The relationship between volunteer firefighters and the Emergency Services Agency has reached an "all-time low", according the organisation representing the ACT's rural fire service brigades.
Volunteer Brigades Association president John-Paul Romano said many of his members felt disrespected and undervalued by their paid counterparts at agency headquarters.
His comments came after The Canberra Times' reports on the agency's "after action review" into the summer bushfire season, which included revelations that volunteers considered walking off the Orroral Valley fireground in disgust at the preferential treatment given to Parks and Conservation Service staff.
"Morale among members, member-to-member, is great," Mr Romano said. "But the morale between the membership and ESA and headquarters is at an all-time low.
"A big part of that is the members feeling disrespected, members not feeling valued."
"If you [take time off to volunteer] and you are not being used [on the fireground] ... you don't feel respected, you don't feel as if you are being looked after or what you are doing is meaningful and that creates a lot of anger and distrust."
The leaked internal review detailed explosive allegations about the Emergency Services Agency's handling of the fire season, the behaviour of Commissioner Georgeina Whelan and the level of discontent with the ACT Rural Fire Service.
Mr Romano said it was through a mix of "luck and skill" that the ACT weathered the fire season without any loss of life or homes.
"But we need to learn, as with every major event, from our mistakes, learn where failures were made and we need to be reactionary in the sense that the bushfire season will soon be upon us again," he said.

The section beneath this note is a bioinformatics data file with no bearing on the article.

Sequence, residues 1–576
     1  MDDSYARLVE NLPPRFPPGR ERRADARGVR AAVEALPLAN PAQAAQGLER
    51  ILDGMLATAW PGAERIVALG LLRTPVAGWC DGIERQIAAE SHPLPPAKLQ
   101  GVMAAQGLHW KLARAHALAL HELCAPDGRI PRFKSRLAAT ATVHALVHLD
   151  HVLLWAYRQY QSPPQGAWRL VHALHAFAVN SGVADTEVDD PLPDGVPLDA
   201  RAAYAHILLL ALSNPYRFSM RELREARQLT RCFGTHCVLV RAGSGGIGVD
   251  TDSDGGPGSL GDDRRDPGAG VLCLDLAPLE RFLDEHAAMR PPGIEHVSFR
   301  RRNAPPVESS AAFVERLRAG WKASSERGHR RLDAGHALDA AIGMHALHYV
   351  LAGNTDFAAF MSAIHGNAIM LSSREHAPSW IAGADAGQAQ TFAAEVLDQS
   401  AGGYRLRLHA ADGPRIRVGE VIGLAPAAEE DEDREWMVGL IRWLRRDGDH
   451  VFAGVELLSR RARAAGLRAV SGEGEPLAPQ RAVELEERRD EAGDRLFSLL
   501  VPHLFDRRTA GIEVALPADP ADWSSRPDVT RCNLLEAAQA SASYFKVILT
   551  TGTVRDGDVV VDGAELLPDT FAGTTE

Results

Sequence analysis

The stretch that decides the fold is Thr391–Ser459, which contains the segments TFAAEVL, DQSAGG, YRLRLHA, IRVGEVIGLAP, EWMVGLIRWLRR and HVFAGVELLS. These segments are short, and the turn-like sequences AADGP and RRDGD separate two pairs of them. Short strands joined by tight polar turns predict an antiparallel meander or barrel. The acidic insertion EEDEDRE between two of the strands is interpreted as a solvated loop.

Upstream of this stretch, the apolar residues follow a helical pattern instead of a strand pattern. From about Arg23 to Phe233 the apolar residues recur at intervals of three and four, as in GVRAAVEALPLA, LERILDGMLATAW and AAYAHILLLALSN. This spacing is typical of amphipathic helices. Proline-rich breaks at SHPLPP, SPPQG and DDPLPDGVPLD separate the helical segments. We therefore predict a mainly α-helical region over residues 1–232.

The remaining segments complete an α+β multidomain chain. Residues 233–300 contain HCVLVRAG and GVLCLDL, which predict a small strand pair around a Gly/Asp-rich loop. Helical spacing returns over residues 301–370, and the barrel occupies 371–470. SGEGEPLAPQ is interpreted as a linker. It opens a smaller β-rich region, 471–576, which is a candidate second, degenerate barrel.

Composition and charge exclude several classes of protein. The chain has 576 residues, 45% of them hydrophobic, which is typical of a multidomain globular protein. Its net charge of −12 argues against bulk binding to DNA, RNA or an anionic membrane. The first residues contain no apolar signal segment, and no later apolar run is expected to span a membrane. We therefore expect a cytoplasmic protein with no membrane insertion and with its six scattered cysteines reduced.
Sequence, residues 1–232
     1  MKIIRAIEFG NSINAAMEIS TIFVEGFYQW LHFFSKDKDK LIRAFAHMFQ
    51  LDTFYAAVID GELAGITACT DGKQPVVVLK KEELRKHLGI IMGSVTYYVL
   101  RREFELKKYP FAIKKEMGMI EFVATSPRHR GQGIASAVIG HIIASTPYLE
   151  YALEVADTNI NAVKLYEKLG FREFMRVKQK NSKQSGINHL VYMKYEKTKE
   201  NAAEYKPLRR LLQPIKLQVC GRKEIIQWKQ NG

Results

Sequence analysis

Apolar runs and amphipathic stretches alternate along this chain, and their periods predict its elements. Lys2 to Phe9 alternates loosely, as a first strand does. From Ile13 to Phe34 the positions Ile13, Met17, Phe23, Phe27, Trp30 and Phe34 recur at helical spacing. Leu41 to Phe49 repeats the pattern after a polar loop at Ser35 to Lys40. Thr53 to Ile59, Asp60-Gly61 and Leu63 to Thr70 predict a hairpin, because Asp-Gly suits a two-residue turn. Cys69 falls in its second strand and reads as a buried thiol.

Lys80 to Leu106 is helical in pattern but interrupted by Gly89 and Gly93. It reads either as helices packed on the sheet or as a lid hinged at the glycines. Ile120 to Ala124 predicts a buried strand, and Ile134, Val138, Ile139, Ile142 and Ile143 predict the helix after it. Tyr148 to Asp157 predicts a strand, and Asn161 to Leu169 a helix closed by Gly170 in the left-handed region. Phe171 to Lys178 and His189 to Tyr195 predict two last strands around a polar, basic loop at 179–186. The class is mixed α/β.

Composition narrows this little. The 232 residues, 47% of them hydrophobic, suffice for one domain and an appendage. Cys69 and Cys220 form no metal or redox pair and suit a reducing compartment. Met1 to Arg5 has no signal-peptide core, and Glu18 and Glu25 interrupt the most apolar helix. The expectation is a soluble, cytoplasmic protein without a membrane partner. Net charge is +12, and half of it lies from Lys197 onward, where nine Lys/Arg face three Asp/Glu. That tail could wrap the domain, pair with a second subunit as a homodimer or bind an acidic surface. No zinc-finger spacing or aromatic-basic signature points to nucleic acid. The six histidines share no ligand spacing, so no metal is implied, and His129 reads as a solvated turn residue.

Mr Romano said more attention needed to be paid to the mental and physical welfare of volunteers in the future. Volunteers should be afforded the same access to psychological support as their paid counterparts, he said.
The Emergency Services Agency and Emergency Services Minister Mick Gentleman have refused to comment on the allegations in the review, but have backed the handling of the fire season and thrown their support behind Commissioner Whelan.
Chief Minister Andrew Barr on Tuesday expressed his "full confidence" in Commissioner Whelan and her agency.
Mr Barr refused to be drawn on the allegations detailed in the report, saying it would not be "particularly useful to provide a running commentary" on the matter.
But he said the ACT's response to the bushfire season was "very effective", as evidence by the fact that no lives or homes were lost.
Opposition emergency services spokeswoman Giulia Jones said the allegations needed to be "appropriately investigated".
Mrs Jones said the ACT Legislative Assembly inquiry into the summer bushfire season, which she is chairing, was "exactly the place to do that".
"There's no doubt that the devastation of the summer bushfires presented enormous difficulties for everyone involved," she said.